Mineral nitrogen use and impacts

The use of synthetic N undermines nutrients supplied through natural biogeochemical cycling. The life-cycle impacts of synthetic nitrogen fertiliser are significant and under-appreciated.
Methane Oxidizing Bacteria (MOB) namely Methylocapsa gorgona (also Methylocapsa acidiphila and Methylocapsa aurea) which is widely available in soil has the potential to utilize five additional atmospheric gases, carbon dioxide, carbon monoxide, hydrogen, nitrogen, and oxygen to supply its metabolism. It was once thought that this species only could utilize methane. This metabolic versatility might be the key to life on air and this discovery is essential for studying the biological methane sink both in soil and atmosphere.
Synthetic N addition undermines N supplied by arbuscular mycorrhizal fungi to native perennial grasses.
In 3 grassland ecosystems in China: N addition reduced soil pH and increased soil total N content at two meadow sites, P addition increased soil total P content at all three sites, but both N and P additions had minimal effects on soil organic C content. Bacteria and total microbial abundances did not change after N and P additions, while fungi and arbuscular mycorrhizal fungi (AMF) abundances were suppressed by N addition.
Symbiotic N-fixers (Rhizobia and Actinobacteria) convert atmospheric N2 to plant-usable forms. Symbiotic N-fixers are responsible for a large fraction of biological soil-nitrogen inputs, which can increase nitrogen availability in forests in which N-fixers are locally abundant
Mineral nitrogen input decreases microbial biomass in soils under grasslands but not annual crops This is probably explained by the different carbon pathways in play in these different systems.
In grasslands: long-term N enrichment of species-rich grasslands have shown major effects on AM functioning (Ames 2002). Under these conditions, P becomes the key nutrient that limits plant growth, and in grasslands plant P limitation can be exacerbated by the impairment of mycorrhizal functioning through excessive N enrichment (Ames 2002).
In forests: In short-term N addition experiments in the laboratory, EM fungi showed large increases in respiration in response to mineral N (Ek 1997; Bidartondo et al. 2001), and Suilloid species, which are particularly sensitive to forest N enrichment, gave up to five-fold greater increase in respiration compared with Paxillus involutus, which is considered relatively N tolerant. In the field, long-term (>10 years) N fertilization of forest plots reduced EM mycelial growth into sand ingrowth bags by approximately 50% (Nilsson and Wallander 2003). In highly N enriched soils the large C drain imposed on the hyphae by sustained uptake of high concentrations of mineral N is highly detrimental to the fungi, and the supply of C from the host plants to the fungi may be downregulated when the plants are no longer N-limited (Hobbie and Colpaert 2003).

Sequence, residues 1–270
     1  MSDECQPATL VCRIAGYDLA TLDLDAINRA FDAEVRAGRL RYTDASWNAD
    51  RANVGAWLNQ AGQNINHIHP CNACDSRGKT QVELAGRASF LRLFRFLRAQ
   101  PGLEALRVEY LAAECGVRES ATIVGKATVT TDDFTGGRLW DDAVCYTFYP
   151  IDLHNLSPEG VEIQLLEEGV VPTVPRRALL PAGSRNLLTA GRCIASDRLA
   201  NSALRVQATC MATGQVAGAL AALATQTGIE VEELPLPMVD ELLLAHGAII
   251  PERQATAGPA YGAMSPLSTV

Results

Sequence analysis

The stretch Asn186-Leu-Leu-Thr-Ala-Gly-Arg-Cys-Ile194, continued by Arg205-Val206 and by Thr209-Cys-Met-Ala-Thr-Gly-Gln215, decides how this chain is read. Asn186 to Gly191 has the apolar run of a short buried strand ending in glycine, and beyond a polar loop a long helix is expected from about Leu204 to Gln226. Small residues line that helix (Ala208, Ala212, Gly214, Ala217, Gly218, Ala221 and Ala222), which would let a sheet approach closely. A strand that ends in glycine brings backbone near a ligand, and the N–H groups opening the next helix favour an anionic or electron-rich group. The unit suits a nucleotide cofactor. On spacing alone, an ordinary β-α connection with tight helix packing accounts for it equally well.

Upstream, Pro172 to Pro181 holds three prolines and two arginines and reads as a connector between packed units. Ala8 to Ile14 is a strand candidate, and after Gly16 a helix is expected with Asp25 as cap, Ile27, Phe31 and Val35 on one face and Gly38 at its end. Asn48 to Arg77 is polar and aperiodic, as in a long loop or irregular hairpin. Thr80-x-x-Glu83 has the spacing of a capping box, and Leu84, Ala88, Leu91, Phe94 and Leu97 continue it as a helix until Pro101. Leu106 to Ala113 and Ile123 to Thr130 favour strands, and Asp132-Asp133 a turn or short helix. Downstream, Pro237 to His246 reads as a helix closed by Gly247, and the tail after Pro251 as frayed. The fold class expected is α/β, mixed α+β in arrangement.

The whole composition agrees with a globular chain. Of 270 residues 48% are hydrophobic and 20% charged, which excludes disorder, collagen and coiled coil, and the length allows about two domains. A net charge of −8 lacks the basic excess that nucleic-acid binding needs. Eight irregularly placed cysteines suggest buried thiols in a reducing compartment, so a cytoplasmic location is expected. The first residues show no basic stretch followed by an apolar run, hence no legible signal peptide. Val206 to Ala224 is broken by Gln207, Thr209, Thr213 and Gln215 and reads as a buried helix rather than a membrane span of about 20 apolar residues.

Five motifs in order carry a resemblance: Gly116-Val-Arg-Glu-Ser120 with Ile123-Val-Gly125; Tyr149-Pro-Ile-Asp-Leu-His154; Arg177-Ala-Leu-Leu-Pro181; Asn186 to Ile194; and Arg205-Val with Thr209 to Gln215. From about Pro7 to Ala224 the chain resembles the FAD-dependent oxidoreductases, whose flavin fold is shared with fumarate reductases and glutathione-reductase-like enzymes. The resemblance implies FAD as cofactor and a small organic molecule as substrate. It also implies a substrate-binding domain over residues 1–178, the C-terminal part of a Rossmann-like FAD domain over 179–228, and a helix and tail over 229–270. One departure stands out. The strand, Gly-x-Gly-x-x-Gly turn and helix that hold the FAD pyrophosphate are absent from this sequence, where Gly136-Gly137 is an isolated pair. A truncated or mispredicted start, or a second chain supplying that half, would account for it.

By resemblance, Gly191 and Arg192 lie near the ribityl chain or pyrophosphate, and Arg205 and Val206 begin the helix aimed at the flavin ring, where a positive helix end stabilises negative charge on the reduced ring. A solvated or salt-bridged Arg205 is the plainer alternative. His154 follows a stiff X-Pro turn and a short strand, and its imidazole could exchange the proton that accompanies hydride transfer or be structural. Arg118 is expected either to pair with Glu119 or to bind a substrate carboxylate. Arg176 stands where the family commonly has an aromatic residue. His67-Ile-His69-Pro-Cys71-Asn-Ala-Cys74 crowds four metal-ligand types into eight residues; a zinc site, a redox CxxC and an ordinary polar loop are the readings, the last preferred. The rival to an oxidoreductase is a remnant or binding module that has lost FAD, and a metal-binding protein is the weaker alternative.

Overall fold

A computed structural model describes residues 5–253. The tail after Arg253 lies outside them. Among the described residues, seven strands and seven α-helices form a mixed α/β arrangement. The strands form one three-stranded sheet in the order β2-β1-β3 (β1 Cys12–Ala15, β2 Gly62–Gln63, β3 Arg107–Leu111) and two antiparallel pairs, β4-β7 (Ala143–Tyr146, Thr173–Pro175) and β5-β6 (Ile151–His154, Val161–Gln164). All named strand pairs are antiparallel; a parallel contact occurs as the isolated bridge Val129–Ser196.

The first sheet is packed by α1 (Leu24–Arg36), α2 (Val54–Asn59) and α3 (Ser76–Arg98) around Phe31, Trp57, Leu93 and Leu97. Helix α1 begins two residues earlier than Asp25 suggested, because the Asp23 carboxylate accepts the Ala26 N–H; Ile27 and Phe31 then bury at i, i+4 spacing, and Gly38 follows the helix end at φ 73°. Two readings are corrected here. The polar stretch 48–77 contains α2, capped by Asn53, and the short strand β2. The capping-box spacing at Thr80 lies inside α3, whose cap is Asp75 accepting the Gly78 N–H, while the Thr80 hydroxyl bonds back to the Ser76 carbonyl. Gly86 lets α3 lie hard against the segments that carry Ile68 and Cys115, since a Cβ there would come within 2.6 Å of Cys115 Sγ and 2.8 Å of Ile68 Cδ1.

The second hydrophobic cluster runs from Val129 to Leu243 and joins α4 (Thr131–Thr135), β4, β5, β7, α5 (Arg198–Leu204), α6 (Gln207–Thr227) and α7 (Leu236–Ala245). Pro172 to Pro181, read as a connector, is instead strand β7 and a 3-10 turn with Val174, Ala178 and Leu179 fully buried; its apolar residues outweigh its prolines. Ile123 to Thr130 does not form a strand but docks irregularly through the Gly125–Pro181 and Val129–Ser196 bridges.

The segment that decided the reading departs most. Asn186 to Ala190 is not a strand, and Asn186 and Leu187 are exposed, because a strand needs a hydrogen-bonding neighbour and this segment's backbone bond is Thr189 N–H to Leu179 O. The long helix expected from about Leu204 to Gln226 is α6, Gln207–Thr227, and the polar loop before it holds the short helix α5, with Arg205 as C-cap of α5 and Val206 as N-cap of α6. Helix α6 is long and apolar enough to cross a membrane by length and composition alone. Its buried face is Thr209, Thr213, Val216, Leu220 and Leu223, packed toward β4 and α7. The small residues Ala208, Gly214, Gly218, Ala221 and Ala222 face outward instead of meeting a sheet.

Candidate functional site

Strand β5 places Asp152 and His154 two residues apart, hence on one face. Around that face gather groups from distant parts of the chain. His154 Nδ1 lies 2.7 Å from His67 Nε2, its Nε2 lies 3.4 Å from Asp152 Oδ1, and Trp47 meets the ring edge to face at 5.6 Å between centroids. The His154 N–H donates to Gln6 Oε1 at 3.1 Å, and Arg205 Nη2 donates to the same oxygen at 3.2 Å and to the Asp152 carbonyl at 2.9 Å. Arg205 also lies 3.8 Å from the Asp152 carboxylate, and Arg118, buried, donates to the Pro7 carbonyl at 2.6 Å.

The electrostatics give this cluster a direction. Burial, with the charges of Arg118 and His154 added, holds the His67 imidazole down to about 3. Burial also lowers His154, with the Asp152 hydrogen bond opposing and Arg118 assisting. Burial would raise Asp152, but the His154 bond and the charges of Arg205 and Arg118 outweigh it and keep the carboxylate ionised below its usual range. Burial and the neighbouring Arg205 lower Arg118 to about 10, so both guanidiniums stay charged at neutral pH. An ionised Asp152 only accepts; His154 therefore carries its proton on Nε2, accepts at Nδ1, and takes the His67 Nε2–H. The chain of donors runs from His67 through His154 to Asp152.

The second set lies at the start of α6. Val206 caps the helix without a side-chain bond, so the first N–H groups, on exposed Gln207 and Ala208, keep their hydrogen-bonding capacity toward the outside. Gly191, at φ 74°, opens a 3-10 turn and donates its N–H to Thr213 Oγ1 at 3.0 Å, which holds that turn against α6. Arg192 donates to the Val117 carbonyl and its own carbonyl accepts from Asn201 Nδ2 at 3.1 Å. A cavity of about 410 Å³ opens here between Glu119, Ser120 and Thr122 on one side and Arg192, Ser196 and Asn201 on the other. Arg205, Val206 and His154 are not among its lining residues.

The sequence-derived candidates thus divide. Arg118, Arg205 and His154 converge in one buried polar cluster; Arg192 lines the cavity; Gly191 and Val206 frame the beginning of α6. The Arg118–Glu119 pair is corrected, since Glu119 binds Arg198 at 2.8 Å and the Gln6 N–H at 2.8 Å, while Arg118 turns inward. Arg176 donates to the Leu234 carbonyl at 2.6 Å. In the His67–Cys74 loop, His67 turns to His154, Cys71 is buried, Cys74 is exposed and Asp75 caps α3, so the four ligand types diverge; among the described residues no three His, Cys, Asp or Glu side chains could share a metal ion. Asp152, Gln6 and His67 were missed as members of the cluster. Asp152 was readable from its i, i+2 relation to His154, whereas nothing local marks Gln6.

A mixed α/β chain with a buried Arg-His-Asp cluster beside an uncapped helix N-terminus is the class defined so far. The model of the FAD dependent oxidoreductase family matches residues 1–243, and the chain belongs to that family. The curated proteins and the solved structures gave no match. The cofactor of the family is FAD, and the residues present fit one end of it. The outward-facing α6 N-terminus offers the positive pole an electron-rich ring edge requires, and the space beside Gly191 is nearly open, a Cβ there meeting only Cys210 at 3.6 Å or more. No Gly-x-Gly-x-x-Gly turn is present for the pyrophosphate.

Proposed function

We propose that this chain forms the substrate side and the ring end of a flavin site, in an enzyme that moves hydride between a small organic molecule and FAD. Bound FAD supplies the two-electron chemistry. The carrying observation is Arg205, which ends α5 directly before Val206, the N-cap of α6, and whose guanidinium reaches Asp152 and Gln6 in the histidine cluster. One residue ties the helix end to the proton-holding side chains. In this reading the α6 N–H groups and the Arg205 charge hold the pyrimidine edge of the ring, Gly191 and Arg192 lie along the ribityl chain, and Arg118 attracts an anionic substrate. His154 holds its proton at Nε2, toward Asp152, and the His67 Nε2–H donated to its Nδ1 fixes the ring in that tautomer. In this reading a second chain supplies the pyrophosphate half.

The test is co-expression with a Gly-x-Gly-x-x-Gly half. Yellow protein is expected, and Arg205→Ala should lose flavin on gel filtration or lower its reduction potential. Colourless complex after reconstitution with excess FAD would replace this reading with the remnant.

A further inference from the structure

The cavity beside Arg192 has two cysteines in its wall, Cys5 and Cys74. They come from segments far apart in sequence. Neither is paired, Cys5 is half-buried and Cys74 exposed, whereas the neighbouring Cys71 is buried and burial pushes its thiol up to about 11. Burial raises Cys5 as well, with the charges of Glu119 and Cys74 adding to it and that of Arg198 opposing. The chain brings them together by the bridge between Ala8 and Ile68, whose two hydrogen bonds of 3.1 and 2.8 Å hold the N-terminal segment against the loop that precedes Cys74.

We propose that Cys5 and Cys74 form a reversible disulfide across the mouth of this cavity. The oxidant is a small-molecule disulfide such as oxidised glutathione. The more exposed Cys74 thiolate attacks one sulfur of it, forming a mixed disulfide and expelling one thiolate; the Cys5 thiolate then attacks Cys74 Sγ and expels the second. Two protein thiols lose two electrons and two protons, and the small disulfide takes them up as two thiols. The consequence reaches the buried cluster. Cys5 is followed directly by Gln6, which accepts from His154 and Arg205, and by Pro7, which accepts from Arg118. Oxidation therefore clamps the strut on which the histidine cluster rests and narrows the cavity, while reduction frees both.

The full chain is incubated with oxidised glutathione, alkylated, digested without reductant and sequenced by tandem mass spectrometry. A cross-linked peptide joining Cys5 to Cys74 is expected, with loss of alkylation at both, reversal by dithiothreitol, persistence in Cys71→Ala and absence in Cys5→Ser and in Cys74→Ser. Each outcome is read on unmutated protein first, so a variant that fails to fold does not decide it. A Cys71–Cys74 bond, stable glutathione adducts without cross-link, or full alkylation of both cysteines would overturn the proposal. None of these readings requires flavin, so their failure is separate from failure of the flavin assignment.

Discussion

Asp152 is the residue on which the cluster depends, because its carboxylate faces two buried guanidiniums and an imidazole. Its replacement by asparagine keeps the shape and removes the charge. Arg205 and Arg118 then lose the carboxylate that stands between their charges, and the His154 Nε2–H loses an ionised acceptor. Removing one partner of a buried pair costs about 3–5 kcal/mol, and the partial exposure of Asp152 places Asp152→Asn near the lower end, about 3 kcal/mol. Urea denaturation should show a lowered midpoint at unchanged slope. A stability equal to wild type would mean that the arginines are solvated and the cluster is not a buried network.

Crop yield was 27% higher with organic amendment than mineral fertilizer. Organic amendment increased the amount of Soil Organic carbon (38%), total nitrogen (20%), microbial biomass carbon (51%) and microbial biomass nitrogen (24%) than mineral-only fertilization. Meta analysis of 690 experiments.
Cereal production that now sustains a world population of more than 6.5 billion has tripled during the past 40 yr, concurrent with an increase from 12 to 104 Tg yr−1 of synthetic N applied largely in ammoniacal fertilizers. These fertilizers have been managed as a cost-effective form of insurance against low yields, without regard to the inherent effect of mineral N in promoting microbial C utilization. Such an effect is consistent with a net loss of soil organic C recently observed for the Morrow Plots, America's oldest experiment field, after 40 to 50 yr of synthetic N fertilization that substantially exceeded grain N removal. A similar decline in total soil N is reported herein for the same site and would be expected from the predominantly organic occurrence of soil N. This decline is in agreement with numerous long-term baseline data sets from chemical-based cropping systems involving a wide variety of soils, geographic regions, and tillage practices. The loss of organic N decreases soil productivity and the agronomic efficiency (kg grain kg−1 N) of fertilizer N and has been implicated in widespread reports of yield stagnation or even decline for grain production in Asia.